New Chatham-Kent wastewater treatment facility reduces E. coli: Case study
This is part of a series of case studies on wastewater projects funded by the FCM's Green Municipal Fund. Each case study provides technical information, project details and tips on best practices.
To improve treatment capacity and discharge quality, the Municipality of Chatham-Kent, ON, constructed a new wastewater treatment plant, featuring extended aeration-activated sludge treatment, at the site of Ridgetown's existing aerated lagoon facility. The project team installed a new raw sewage pump station, adapted two of the existing lagoon cells to store biosolids and handle excess wet weather flows, and shut down the lagoon cells that were no longer needed. The new facility also provides tertiary treatment using sand filters and ultraviolet disinfection. Read the project completion report (GMF#:10,137). Skip down for more information in our Technical highlights section.
Reasons for the project
- The municipality needed to increase the capacity of its wastewater treatment system and meet Ontario Ministry of the Environment and Climate Change targets for reducing E. coli in effluent.
Best practices and key lessons
The municipality's experience with this project demonstrates some best practices and key lessons that can inform similar projects.
Develop a comprehensive training and change management plan
- Public Utilities Commission operating staff were involved from the consulting phase to ensure a smooth start-up of the new facility.
Communicate with relevant government bodies at the planning stage
- Liaising early in the planning stage with the local conservation authority could help alleviate delays in latter stages of the project.
Plan for contingencies and weather
- As much as possible, schedule construction work for warmer months.
This project yielded a number of environmental, social and economic benefits.
Improved wastewater quality: Levels of E. coli, phosphorus and ammonia are reduced.
Reduced hazardous residuals: Upgraded tertiary treatment now features sand filtration and UV disinfection, resulting in cleaner, chlorine-free effluent.
Biodiversity and ecosystem protection: Improved water quality supports the maintenance and expansion of habitat.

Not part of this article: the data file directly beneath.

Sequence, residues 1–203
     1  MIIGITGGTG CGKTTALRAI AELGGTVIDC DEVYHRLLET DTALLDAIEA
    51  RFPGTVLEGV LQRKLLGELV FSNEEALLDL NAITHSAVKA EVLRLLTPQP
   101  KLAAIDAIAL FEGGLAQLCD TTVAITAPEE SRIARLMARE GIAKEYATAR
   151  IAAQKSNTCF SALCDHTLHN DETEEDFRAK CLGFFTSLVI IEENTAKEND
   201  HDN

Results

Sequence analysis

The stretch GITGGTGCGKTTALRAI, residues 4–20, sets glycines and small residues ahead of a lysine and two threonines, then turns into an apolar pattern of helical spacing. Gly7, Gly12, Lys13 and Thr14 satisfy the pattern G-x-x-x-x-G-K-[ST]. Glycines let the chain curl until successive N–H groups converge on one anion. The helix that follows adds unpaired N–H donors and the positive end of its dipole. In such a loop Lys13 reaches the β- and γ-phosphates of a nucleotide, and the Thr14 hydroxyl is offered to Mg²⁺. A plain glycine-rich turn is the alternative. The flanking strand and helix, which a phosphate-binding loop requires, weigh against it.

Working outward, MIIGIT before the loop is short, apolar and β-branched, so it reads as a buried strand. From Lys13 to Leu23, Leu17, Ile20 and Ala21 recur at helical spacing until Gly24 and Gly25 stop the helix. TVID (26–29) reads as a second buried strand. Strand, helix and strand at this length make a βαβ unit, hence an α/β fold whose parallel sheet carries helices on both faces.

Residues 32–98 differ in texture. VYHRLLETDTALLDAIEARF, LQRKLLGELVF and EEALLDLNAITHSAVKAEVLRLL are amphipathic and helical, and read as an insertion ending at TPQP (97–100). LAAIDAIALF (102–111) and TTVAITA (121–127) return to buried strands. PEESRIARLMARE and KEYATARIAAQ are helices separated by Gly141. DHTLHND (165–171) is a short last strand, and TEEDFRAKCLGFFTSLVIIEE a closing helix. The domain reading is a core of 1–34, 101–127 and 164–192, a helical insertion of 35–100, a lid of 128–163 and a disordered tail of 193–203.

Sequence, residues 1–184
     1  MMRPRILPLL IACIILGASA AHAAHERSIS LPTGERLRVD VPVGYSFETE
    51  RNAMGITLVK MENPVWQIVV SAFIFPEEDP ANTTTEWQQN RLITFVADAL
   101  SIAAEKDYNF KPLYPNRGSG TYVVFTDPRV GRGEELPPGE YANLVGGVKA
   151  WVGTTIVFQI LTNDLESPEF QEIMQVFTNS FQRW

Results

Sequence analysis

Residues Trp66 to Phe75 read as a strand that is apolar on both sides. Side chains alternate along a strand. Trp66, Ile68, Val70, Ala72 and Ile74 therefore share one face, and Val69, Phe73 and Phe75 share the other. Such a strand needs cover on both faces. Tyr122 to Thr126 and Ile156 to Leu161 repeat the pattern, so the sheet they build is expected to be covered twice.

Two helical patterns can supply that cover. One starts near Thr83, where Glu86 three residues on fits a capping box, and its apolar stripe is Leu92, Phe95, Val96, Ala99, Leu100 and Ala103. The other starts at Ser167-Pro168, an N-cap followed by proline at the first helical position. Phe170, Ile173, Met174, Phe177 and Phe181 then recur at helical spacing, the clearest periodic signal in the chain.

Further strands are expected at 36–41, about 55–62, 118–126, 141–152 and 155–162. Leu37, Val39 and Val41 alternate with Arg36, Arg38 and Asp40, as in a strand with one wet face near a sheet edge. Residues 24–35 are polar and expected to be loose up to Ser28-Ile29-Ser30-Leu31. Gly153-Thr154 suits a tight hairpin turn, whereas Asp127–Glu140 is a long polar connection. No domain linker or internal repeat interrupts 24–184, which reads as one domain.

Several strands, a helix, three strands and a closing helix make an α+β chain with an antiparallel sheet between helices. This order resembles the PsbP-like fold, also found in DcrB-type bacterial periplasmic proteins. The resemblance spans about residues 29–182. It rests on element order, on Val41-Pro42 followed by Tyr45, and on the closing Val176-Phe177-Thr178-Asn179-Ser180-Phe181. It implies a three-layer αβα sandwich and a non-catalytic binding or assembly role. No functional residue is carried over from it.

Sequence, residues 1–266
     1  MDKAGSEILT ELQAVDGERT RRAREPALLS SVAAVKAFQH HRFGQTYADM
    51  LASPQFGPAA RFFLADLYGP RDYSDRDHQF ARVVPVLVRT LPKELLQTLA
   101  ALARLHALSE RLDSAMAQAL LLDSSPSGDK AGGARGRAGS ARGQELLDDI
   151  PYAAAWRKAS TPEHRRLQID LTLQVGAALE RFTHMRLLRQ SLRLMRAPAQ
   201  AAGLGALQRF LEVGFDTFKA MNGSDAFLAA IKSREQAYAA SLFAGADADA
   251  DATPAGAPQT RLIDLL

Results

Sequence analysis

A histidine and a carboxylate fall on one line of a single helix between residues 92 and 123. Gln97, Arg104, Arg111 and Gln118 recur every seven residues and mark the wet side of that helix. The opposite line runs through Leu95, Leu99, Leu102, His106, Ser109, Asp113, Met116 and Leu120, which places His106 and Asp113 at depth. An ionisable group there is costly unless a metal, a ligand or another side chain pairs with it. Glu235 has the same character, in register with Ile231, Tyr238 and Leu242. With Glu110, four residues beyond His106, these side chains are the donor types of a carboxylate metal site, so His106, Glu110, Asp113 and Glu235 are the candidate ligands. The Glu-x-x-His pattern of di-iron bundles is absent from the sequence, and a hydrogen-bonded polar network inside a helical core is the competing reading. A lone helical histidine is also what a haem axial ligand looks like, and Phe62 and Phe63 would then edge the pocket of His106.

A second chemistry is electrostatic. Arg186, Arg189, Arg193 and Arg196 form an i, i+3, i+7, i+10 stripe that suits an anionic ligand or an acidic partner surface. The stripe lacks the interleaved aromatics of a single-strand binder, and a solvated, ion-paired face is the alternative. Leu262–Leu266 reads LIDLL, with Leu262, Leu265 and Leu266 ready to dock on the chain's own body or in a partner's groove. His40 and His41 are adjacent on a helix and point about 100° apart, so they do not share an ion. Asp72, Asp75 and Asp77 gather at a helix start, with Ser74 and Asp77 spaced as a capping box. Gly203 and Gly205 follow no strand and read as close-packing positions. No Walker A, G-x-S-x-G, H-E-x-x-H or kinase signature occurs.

Improved public health: Safer and cleaner discharge into streams, minimized periodic odour emissions and reduced noise disturbance ultimately result in a healthier environment for residents.
Improved staff health and safety: Operators no longer need to enter a confined space to access the pump station.
Greater opportunity for recreational activities: A healthier water flow supports recreational uses of downstream areas, including Gawne Drain, Lower Thames Valley and Lake St. Clair.
Improved service delivery: The new facility can operate in all seasons and has extra capacity for emergency situations.
Opportunity for public education and awareness: Public tours of the facility are available to help community members understand the value of sewage treatment. In addition, sludge samples are provided to the University of Guelph for student lab work.
Improved neighbourhood aesthetics: Relocation of the facility provides a buffer between the Mitton Industrial Park and nearby residential properties.
Avoided capital expenses: Savings resulted from locating the facility in an existing lagoon and re-using as much equipment as possible.
Increased job creation or retention: Municipal jobs were retained and additional workloads created to meet staffing requirements for the operation of the new wastewater treatment plant.
Increased potential to attract new businesses: Greater storage and treatment capacity and year-round operation can better support industrial and other commercial development.
Increased potential to attract new residents: Greater storage and treatment capacity and year-round operation can better support community growth.
Local economy stimulus: The plant is now able to accept and properly treat septage from haulers. This provides a new source of revenue for the municipality.
Use of feasibility tools: The municipality used full-cost accounting and evaluated design choices based on the life-cycle costs over the long term.
Demand management: Demand-side policies and programs, including the municipality's policies for water use restrictions and sewer use, encourage efficient resource management.
Simplified staff operations: A SCADA (supervisory control and data acquisition) system allows operators to make adjustments remotely and makes data monitoring more reliable and frequent.
This project was a new facility. Technical highlights are current as of 2012.
Municipal population: 103,671
Biosolids management: Biosolids are left in the lagoon
Annual average daily flow (AADF)
Per cent of total capacity used for AADF
Total suspended solids (TSS)
Biochemical oxygen demand (BOD)
Project contact information
Facilities & Systems Manager, Water & Wastewater Services
Municipality of Chatham-Kent, ON
T. 519-436-0119, ext. 306